Last week, I was privileged to participate in JDRF Government Day. This is an event sponsored by JDRF in which advocates from across the country meet in Washington D.C. Over the course of four days we learned about research progress, networked with other T1 D advocates, and met with our respective state's elected officials.
On the first night, we stood and introduced ourselves and spoke of our connection to T1D. I fought back tears more than once as roughly 200 people told their stories. We heard of success stories and we heard of losses. Despite the resilience shown by all present, the message is clear, this story of T1D needs a happy ending and the sooner, the better.
We heard that The Special Diabetes Program (SDP) is making progress. So much so that Dr. Aaron Kowalski- JDRF's Chief Mission Officer and VP of Research stated, "We have this disease on the run." As a person living with diabetes himself, he has a reason to give chase. Since the inception of the SDP in 1997, we have seen the improved technology including better CGM's and the Artificial Pancreas. However, what about the person who doesn't want to be attached to a device 24/7? To that end, we saw an Encapsulation device as small as a band-aid that could potentially be implanted under the skin and allow a person to live insulin free for up to two years. We heard of research projects such as The Environmental Determinants of Diabetes in the Young (TEDDY) that has made incredible strides in determining the causes and progression of T1. SDP researchers have identified over 40 genes associated with T1D bringing the total to 50 known gene regions- up from only 3 just a few years ago.
While Type 1 and Type 2 are two different animals, SDP research has benefited both in terms of preventing complications. Continuous Glucose Monitors (CGM) and the artificial pancreas systems can improve glucose control in both populations, thus lowering long term complications such as eye and kidney disease. SDP is accelerating a treatment which can reverse vision loss in patients with diabetic macular edema.
The SDP not only benefits people with T1D but also those with other autoimmune diseases Collectively, autoimmune diseases affect approximately 5-8% of the population. Some of the genes associated with T1 are also associated with other autoimmune diseases. Research and therapies effective for T1 could have a positive effect on other autoimmune diseases. This little bit of information about autoimmune diseases is particularly personal to me as my immediate family seems to collect them like other people collect stamps!
We spoke with our members of the House and the Senate to bring our stories home, to demonstrate the progress and the need for SDP to continue and to ask them to please vote to extend the SDP, which is set to expire in September 2015. It is currently attached to the "doc fix" and will potentially be renewed for 2 years. Our voices were heard as the House overwhelming voted in favor of HR 2. The Senate will continue to discuss their corresponding bill after the Easter break and hopefully bring the bipartisan bill to a quick Yay vote.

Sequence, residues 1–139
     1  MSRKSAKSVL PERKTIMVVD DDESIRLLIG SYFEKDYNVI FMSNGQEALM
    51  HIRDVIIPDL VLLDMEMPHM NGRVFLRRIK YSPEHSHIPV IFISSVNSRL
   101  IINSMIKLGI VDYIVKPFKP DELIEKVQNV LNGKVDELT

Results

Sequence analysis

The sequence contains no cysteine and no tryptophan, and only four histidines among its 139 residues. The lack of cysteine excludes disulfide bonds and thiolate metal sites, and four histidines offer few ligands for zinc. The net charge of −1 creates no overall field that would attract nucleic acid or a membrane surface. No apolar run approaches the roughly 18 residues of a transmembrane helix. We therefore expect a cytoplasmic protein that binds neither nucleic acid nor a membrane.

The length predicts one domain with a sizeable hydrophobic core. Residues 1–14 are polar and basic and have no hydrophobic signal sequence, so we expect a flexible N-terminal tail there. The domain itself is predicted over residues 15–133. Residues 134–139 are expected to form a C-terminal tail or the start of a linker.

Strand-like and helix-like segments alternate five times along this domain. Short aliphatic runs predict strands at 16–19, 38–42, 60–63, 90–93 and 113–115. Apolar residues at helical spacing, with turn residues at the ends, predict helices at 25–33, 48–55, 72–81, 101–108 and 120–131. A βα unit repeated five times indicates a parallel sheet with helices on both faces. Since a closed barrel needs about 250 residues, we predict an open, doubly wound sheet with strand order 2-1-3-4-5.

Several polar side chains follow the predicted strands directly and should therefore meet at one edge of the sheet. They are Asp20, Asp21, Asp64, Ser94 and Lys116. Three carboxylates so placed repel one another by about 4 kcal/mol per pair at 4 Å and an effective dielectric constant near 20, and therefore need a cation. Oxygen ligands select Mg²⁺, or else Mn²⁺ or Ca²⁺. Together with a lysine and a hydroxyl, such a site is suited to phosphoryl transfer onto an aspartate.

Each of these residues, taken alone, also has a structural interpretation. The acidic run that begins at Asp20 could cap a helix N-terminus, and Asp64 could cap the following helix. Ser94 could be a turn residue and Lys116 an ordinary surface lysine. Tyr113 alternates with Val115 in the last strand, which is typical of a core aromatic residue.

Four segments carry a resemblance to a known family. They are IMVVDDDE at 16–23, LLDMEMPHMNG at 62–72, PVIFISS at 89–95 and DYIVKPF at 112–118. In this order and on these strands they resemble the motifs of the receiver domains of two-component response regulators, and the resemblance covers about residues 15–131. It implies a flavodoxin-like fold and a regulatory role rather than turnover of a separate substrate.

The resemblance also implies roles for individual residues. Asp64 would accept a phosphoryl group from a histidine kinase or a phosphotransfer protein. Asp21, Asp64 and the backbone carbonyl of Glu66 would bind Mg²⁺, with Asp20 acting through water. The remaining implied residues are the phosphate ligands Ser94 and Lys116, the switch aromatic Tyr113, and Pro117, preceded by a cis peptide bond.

While all of this progress is hopeful, the ending to this story cannot come quickly enough. Yesterday, my husband sent me a text telling me that his blood sugar was 395! I responded with an inappropriate statement, thinking to myself he was one day early for an April Fool's joke and a terrible one at that! But, no-- it was no joke. Troy had a kidney transplant nearly 10 years ago as the result of a different autoimmune disorder (IgA Nephropathy). Things have been going great-- until this complication. We had been told that prolonged use of Prednisone and Prograf could lead to diabetes. For the last few weeks he has been really tired, had blurred vision, and just generally not feeling well. His regular blood work came back with good news for the kidney but bad news for the pancreas. After seeing his elevated fasting blood sugar, an A1c was ordered. The result was a whopping 10.2-- officially the highest in the house- and not the news we wanted to hear! However, knowing what we know about hypoglycemia, we should have seen this coming. Today he became the 4th insulin user in our house and our diabetes arsenal has taken over another shelf. Text messages about missing socks have become text messages about blood sugars and sliding scales. After day one we both, especially Troy, have a renewed respect for what our kids have been handling for years. If all goes well, his diabetes adventure will be short lived; for our kids, it's a ferris wheel ride they may never get off.
Despite the progress being made and the hope on the horizon, regardless of its type, diabetes is an ugly disease. It's mean, it's painful, it's aggressive, it's unpredictable, it's deadly and it's time to kill the beast.
Follow the link to learn more about the SDP and what you can do to help http://advocacy.jdrf.org/our-work/special-diabetes-program/ JDRF is currently sponsoring more than $568 million in scientific research in 17 countries including 50 clinical trials. This link will tell you other ways you can be involved http://jdrf.org/get-involved/. For my running friends, JDRF is a charity for this year's Fargo Marathon. If you plan to run in any of the races, consider joining their team.